At first Jordan Green, a freshman at Camdenton High in central Missouri, didn't give it much thought. While researching a project on gay rights at the school library, she Googled the words and was surprised to see a web page pop up saying her search was blocked when she clicked on any of the results. She tried twice more, modifying her terms, but still nothing. After Jordan discussed what had happened with her father, he contacted a civil liberties attorney. The result was a first-of-its-kind lawsuit asking a school district to change its Internet screening system to eliminate bias and discrimination. "These filters are a new version of book banning," says the American Library Association's Pat Scales. "But it's different in that this is much more subtle and harder to identify."
District officials had not set out to block gay websites. Camdenton was following the Children's Internet Protection Act, a 2001 law requiring public schools to use filters to shield students from pornography and obscenity. But the district purchased software that had been programmed to group gay sites with sexuality and porn, thereby blocking access to them. Most schools, in fact, don't take an active role in choosing what should be permitted, leaving that job to the private vendors who sell the web filters. "There's a problem when schools won't allow educators to make decisions and let technocrats do it instead," says Craig Cunningham, Ph.D., associate professor of education technology at National Louis University in Chicago. "On the other hand, it's a daunting task if you want to protect kids from anything controversial."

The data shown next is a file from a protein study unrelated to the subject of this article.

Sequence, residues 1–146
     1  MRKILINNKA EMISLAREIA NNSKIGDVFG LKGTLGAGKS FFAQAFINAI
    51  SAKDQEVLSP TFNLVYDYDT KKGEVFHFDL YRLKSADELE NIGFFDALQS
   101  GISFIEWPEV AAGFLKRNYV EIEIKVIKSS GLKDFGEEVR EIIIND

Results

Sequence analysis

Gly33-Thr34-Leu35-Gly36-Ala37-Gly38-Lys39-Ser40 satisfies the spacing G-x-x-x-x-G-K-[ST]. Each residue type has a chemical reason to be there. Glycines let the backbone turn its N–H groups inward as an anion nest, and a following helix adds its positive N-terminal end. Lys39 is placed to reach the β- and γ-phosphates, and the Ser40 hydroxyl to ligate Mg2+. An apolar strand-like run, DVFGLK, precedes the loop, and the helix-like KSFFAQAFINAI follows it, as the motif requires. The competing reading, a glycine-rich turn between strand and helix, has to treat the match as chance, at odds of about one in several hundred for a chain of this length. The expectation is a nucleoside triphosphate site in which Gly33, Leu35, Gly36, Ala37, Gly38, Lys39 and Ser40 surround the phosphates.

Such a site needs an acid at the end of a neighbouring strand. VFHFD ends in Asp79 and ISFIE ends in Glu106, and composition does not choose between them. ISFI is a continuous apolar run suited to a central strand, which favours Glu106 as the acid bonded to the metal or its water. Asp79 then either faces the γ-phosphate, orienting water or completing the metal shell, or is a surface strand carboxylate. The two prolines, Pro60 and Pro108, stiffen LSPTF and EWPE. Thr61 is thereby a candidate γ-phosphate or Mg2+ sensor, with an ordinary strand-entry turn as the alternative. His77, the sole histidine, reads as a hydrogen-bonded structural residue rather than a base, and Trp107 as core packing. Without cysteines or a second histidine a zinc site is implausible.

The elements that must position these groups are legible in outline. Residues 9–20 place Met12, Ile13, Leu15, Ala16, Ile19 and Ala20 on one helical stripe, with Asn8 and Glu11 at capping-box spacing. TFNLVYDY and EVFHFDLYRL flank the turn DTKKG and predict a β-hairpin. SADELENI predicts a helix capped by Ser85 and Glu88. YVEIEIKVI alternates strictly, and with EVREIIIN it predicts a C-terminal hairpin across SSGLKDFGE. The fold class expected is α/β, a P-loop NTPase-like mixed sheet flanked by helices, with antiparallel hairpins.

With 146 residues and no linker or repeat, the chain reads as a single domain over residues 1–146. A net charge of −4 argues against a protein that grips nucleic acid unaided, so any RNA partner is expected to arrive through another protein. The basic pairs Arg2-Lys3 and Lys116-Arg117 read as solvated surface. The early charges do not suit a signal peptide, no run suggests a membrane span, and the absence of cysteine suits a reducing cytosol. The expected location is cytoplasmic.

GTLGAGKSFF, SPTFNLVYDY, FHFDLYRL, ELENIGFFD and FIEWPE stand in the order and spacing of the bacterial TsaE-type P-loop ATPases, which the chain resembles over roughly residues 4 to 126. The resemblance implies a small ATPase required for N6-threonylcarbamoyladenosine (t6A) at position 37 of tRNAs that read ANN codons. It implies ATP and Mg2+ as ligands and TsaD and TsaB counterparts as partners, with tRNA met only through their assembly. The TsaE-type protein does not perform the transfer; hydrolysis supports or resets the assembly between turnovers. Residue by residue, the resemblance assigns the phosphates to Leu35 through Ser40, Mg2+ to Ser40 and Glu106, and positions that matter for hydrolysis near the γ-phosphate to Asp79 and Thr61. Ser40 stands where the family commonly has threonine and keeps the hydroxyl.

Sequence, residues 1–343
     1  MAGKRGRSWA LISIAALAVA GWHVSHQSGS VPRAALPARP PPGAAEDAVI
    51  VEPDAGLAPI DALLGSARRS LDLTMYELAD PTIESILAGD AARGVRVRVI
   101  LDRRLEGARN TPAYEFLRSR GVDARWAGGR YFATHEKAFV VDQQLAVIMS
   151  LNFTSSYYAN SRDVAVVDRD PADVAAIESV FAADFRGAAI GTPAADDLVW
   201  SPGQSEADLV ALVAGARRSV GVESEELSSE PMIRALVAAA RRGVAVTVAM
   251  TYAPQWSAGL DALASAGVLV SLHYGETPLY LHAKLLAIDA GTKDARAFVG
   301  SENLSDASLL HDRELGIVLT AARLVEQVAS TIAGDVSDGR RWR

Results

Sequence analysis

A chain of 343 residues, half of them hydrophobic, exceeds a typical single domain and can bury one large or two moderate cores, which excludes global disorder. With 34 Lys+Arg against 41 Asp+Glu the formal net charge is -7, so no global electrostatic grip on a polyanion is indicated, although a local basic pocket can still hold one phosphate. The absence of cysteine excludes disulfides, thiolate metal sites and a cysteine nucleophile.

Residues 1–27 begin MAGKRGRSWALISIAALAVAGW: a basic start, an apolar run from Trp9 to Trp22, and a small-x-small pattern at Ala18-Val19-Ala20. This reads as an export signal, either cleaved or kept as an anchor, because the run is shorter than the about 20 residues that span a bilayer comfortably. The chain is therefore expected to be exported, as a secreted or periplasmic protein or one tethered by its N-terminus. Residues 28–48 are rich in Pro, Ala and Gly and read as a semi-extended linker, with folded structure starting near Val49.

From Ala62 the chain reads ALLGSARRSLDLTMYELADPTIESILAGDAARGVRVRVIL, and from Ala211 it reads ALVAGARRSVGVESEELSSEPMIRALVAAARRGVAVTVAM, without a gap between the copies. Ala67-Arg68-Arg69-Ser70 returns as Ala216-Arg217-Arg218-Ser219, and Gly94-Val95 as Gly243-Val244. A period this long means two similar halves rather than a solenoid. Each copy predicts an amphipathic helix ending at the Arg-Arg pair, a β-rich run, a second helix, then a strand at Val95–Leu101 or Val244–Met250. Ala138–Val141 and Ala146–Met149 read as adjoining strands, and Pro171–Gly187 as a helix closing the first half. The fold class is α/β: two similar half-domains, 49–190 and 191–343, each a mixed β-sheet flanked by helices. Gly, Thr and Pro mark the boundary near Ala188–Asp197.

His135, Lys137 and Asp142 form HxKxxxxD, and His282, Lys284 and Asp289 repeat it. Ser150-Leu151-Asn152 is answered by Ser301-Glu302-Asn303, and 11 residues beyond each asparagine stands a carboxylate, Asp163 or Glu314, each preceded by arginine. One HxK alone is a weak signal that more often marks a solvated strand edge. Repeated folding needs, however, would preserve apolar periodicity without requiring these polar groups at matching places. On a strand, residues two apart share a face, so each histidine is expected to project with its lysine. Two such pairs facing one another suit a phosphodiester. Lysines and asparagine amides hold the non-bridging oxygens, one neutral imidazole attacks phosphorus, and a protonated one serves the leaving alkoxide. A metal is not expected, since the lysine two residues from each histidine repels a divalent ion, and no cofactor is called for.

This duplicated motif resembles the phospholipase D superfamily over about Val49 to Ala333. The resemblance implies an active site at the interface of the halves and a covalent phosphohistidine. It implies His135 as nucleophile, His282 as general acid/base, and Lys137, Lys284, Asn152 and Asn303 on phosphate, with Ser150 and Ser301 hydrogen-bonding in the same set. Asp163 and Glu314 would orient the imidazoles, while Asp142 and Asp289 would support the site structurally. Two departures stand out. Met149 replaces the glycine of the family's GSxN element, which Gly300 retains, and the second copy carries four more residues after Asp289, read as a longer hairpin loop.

In February a federal court ordered the school district to discontinue its filtering system "as currently configured," and it complied. Not all parents were pleased. Stacy Shore, a mother of three, admits that she didn't give it much thought back when she signed the release allowing her children to use the Internet at school. "I had vague visions of them going to sites about traditional subjects like the presidents or world geography," she says. "Maybe I'm behind the times, but I'd like it to be more like an encyclopedia in the library, not the information superhighway." For her part, Jordan went on to finish the project. "It was a nice feeling," she says. "Plus I got 100 on it."Under Fire
Book bans are nothing new. In 1885, when Adventures of Huckleberry Finn was published, the Concord public library in Massachusetts banished the novel from its shelves, denouncing it as "the veriest trash...more profitable for the slums than...respectable people." Below are the 10 most frequently challenged works of 2011, according to the American Library Association.
Originally published in the September 2012 issue of Family Circle magazine.